Running to some 100 lots, a private collection of novels of the period that formed part of a Forum Auctions (25/20/12% buyer’s premium) sale of May 30 contained works by well-known writers but also now rare and often forgotten titles.
The identity of the author of Emily, or, the History of a Natural Daughter, sold at £3500 in London, remains to this day unknown. However, both the first edition of 1756 and the 1763, first Dublin edition of the book offered at Forum, which boasted a contemporary calf binding, are of exceptional rarity.
Published in 1781, a two-volume first Dublin edition in contemporary tree calf gilt of The Masqued Weddings, an epistolatory novel by the splendidly named Miss Gertrude Espenchied Elliot, was yet another rarity and sold at £2800.
Bid to £2200 was The Irwin Family, an 1804 first and only Dublin edition of a work, still in the original wrappers, for which the saleroom could find no trace in institutional collections or contemporary reviews.
In that light a passage in the preface, as Forum observed, seems prescient. The author notes that if the work is “…doomed, like hundreds which have proceeded it, to sink into oblivion, I must console myself with the idea of having amused myself, and been of some little use to the paper manufactory of my country”.
Illustrated above is one of the frontispieces produced for a scarce two-volume work of 1808 by ‘Priscilla Parlante’ (Mary Ann Cavendish- Bradshaw), a gothic novel called Memoirs of Maria, Countess d’Alva which in its original boards sold for £2200. The frontispiece illustrations are engraved after originals by the author.
A few more of these often unfamiliar but very collectable novels featured in the June 26 Gloucestershire dispersal of the diverse and hugely appealing library formed by a well-known English dealer and collector, the late Martin Orsky.
Offered by Dominic Winter (20% buyer’s premium) at £3400 was The Virtuous Criminal; or, the History of Lord Stanley, which though describing itself as a translation from the original French would appear to be a work unrecorded in that language.
Published in two volumes in 1759, it purports to be the memoirs of an English aristocrat who flees to Gibraltar after his lover is murdered by his own father, who had caught the couple in flagrante. There he vies for the hand of Seraphina, the daughter of an Andalusian nobleman, and the tale reaches its blood-soaked denouement in Mexico.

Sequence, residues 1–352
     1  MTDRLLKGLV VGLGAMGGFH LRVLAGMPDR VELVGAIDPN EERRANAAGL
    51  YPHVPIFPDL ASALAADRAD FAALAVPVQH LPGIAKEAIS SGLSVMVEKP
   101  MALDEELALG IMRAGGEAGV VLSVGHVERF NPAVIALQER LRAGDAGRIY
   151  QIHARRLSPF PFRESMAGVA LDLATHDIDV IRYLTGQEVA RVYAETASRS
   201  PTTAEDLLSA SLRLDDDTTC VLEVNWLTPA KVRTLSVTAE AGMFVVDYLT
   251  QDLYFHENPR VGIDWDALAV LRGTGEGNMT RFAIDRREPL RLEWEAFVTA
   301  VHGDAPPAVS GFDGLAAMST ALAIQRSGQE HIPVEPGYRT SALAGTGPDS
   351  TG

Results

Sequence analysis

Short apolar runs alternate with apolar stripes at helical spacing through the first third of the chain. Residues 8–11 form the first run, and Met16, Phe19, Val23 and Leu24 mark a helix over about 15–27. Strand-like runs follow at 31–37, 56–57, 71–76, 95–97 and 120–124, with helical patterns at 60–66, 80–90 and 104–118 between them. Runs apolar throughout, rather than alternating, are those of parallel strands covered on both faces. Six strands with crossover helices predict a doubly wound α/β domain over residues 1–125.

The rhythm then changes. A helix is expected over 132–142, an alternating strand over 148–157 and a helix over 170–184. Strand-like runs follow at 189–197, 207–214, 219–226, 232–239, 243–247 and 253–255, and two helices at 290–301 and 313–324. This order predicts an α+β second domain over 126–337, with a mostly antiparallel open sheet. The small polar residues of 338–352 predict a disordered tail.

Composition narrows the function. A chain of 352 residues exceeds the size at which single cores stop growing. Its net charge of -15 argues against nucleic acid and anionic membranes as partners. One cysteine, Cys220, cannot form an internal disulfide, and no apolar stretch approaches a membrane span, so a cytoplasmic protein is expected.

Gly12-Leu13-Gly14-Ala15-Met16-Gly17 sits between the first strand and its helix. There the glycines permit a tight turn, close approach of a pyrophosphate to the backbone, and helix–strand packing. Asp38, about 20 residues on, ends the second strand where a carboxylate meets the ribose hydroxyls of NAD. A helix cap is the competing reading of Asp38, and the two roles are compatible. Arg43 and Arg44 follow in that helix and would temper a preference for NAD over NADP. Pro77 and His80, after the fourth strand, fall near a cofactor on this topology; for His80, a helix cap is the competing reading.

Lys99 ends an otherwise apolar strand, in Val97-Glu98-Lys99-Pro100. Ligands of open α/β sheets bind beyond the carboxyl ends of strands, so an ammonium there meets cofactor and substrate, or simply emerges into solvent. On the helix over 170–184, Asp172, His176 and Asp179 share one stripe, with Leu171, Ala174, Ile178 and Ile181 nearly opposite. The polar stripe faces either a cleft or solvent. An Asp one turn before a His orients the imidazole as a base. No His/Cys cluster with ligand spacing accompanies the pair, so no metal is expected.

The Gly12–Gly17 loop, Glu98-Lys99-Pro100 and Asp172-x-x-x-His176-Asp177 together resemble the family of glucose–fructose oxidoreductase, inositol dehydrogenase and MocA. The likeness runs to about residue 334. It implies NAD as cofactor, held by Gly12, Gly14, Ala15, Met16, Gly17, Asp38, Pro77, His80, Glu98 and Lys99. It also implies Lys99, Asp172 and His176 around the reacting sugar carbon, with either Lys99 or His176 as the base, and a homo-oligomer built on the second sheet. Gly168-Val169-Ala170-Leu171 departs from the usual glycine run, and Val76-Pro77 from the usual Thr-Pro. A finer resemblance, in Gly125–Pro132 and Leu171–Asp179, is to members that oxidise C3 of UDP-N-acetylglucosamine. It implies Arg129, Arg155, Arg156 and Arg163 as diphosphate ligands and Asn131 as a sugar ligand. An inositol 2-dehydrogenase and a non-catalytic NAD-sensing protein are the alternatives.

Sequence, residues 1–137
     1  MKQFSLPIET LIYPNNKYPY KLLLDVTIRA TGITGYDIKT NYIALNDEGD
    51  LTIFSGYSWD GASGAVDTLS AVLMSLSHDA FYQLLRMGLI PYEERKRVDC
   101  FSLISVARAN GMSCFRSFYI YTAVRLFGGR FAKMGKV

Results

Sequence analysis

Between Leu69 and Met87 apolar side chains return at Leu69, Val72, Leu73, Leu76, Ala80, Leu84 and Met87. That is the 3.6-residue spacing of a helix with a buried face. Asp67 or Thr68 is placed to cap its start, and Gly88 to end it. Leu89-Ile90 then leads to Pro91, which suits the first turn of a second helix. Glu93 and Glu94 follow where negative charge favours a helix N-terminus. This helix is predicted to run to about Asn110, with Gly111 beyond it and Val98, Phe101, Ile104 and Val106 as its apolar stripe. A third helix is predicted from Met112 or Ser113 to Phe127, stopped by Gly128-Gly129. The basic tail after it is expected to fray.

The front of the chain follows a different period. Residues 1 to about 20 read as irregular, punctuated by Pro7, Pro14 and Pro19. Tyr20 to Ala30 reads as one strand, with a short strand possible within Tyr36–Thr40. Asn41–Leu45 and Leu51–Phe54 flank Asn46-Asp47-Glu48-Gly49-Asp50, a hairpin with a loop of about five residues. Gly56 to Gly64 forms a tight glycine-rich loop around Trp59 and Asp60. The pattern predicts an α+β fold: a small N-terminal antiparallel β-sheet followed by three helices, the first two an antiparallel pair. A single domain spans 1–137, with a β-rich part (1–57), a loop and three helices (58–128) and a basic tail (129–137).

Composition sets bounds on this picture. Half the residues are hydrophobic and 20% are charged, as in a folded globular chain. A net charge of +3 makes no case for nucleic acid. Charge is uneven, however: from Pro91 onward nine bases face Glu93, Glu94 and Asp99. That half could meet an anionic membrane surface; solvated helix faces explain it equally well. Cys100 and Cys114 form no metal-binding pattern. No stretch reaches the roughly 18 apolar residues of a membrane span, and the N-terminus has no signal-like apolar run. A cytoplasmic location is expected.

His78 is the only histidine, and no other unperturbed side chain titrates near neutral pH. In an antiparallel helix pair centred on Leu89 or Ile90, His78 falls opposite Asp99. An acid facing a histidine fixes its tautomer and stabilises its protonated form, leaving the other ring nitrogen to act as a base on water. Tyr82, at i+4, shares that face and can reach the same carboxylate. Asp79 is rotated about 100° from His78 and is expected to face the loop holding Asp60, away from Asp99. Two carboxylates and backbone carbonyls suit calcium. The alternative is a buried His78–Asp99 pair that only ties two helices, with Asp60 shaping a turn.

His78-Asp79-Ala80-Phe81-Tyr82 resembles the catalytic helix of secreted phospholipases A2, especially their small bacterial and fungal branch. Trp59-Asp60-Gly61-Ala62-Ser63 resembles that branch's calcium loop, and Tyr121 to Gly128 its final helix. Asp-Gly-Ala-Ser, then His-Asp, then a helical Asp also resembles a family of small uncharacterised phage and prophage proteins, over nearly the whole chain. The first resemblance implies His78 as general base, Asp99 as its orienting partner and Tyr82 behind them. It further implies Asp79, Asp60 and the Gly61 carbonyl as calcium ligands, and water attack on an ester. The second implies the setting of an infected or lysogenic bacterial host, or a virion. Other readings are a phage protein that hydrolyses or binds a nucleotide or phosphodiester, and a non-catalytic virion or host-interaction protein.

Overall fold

A two-word notice in a contemporary issue of the Monthly Review pronounced the work “Absurdity throughout”, but today the only other copies recorded are in institutional collections, at Harvard and in the John Rylands Library.
Sold at £2200 in South Cerney was a two-volume 1764 first in contemporary calf of Family Pictures…, an anonymously published novel whose extended title further tempts readers with …Interesting Memoirs of Several Persons of Fashion in W-re.
It is in fact the work of Susannah Gunning of Fairwater in Somerset, whose daughter was also a novelist*, but whose own life could have had the makings of yet another novel. Following an acrimonious separation, Gunning’s husband decamped to Naples with his mistress.
One of Gunning’s other books was published by the Minerva Press, which catered to the market for sentimental and Gothic tales and had many female writers on their books, but the four-volume Minerva first of Man As He Is, sold at £2700, was the work of a man, Robert Bage.
In very worn but original boards, it was once the property of an English Reading Society in the Dutch city of Groningen, one established in the very year that the book was published, 1792.
Bage was a businessman who did not publish his first novel until the age of 53 and began writing partly to recoup financial losses. Influenced by Thomas Paine, Voltaire and Rousseau and by the ideals of the American and French revolutions, his novels have been described as sympathetic to the rights of women and opposed to slavery, cruelty, war and duelling. William Godwin and Shelley were both admirers.
The Dictionary of National Biography describes Bage’s novel as a satirical work which “…narrates the rescue of a well-meaning young baronet from fashionable aristocratic vices by his love for a virtuous and independent woman, good friends, and his encounters in France with leaders of the earlier, moderate phase of the revolution”.
* An 1818 three-decker by Elisabeth Gunning, The Exile of Erin, was highlighted as one of the rarities in a singlelot collection of more than 130 Gothic novels sold for £26,000 at Sotheby’s last December – one formed by Mary Hill, Marchioness of Downshire (1774-1836), whose crested monogram featured on most of the bindings.